Sharing and Hiding Religious Knowledge. Strategies of Acculturation and Cultural Resistance in Early Jewish, Christian, and Islamic Traditions, University of Groningen, April 22–24, 2015
Knowledge in Antiquity was always cherished as a scarce good and its character and transmission always tainted with an esoteric allure. Not only the production and cultivation of knowledge took place within the reduced circle of “initiated”; also its diffusion was channeled by the close relationship teacher–disciple.
The esoteric aspect plays a central role in scholarly, scribal, religious and philosophical contexts. Not only was knowledge intended for a reduced group of followers; it also seemed to provide a higher form of consciousness that not everyone was willing or able to bear. If from an existential perspective, knowledge provides individuals with a holistic framework to supersede a fragmented reality, from a social viewpoint, it provides them with the means to advance in the social hierarchy. On the one hand, possessing or lacking knowledge determines social status; on the other, sharing or hiding knowledge is used in strategies of inclusion and exclusion that are highly productive both at micro (within religious communities themselves) and at macro level (within multicultural societies at large).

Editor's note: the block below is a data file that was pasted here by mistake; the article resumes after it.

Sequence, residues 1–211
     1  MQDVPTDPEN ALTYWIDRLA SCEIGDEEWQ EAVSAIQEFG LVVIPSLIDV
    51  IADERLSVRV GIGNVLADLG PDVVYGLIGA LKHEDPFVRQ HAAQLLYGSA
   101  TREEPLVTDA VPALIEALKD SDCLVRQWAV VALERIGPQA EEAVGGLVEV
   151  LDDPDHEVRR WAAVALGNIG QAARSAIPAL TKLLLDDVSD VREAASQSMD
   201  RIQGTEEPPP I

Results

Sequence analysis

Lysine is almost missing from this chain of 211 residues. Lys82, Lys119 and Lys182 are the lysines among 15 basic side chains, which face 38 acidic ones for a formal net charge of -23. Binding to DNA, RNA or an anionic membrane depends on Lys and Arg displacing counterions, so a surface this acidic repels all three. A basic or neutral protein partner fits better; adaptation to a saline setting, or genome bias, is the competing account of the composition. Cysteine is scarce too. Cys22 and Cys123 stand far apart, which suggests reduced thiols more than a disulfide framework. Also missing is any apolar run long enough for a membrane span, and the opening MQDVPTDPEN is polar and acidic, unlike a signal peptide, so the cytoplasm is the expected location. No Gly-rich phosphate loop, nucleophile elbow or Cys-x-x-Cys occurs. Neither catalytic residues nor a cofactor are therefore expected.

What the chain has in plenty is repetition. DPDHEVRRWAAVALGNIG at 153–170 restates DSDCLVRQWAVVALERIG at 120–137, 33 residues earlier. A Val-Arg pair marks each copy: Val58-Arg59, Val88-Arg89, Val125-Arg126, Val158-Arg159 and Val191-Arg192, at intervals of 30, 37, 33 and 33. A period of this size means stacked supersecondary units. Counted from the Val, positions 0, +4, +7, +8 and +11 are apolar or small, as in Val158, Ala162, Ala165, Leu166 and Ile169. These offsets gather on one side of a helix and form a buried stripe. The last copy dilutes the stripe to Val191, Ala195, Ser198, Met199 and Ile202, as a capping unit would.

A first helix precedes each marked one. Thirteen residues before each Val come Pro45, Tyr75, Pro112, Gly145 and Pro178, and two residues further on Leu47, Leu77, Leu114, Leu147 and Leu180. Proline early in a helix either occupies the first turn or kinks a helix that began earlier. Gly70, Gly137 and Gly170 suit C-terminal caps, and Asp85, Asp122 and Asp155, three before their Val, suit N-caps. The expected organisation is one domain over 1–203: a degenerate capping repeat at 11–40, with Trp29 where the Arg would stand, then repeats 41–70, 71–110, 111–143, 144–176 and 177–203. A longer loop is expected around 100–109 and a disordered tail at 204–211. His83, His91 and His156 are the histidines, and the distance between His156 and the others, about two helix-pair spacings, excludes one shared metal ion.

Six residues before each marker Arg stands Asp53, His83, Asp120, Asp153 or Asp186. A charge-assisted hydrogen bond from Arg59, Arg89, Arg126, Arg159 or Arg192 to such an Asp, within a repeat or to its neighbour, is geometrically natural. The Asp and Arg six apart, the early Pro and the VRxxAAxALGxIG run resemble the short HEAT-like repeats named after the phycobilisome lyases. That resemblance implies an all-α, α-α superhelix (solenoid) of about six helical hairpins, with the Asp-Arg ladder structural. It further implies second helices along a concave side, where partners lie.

Whether religious knowledge could or should be shared with others or rather kept for oneself was one of the central issues by which Jews, Christians and Muslims defined themselves in relation to each other and the world around them. The formative stages of these traditions were characterized by a wide diversity of attitudes towards and means of knowledge sharing and hiding.